I’ve now downloaded the Gridwatch data for the last twelve months. Unfortunately so insignificant is the “biomass” contribution that it is not itemised separately in the dataset, but included with “other”. All I can say is that as I write it is contributing around 1.2Gw (around 3% of total supply). So, for all the tree felling, processing and shipping, 3% of the nation’s electricity is provided. Other “renewable” sources such as Hydro are similarly insignificant.

However, I’ve also looked at the contribution made by wind (which is available separately). The data shows demand and supply at 10 minute intervals (so there’s a lot of data). Over a third of those readings showed windpower’s contribution at less than 5%. Well over two thirds of the readings showed that less than 10% was being provided. Coupled with this is the fact that this supply is ungovernable and unpredictable. Now I would not dismiss 5% to 10% of the nation’s supply as insignificant. Indeed it can make the difference between the lights staying on or not. But I fail to see, from the figures I have, how more than 25% of supply comes from renewables. The figures you have quoted must be viewed with some suspicion and need some analysis before being accepted at face value.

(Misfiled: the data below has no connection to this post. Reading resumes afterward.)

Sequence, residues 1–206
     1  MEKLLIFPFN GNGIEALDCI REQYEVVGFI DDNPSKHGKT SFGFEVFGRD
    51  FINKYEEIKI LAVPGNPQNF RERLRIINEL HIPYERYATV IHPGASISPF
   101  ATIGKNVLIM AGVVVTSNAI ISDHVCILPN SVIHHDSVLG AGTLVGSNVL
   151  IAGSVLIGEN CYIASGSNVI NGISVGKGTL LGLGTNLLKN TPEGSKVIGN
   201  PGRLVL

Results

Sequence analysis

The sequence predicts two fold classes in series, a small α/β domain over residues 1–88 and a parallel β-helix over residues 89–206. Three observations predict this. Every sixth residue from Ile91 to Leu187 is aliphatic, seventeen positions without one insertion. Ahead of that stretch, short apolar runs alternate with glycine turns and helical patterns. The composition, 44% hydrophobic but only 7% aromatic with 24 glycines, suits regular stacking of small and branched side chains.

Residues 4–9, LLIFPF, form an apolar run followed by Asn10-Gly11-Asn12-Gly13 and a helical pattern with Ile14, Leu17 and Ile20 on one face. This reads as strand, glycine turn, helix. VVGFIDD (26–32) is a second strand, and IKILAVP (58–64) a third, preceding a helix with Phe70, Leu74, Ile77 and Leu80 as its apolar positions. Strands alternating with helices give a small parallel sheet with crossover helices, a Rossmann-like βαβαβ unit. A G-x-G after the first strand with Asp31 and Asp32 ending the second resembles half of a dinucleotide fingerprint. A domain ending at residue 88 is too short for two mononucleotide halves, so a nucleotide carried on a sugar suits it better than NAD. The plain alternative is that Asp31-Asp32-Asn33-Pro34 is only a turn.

But once again, it is the cost of this piddling amount which is the issue. It costs at least three times as much to buy a unit of (unreliable) electricity from wind as it does from coal. It is the economics of the madhouse and it is costing this country, literally, very dearly indeed as this question clearly demonstrates.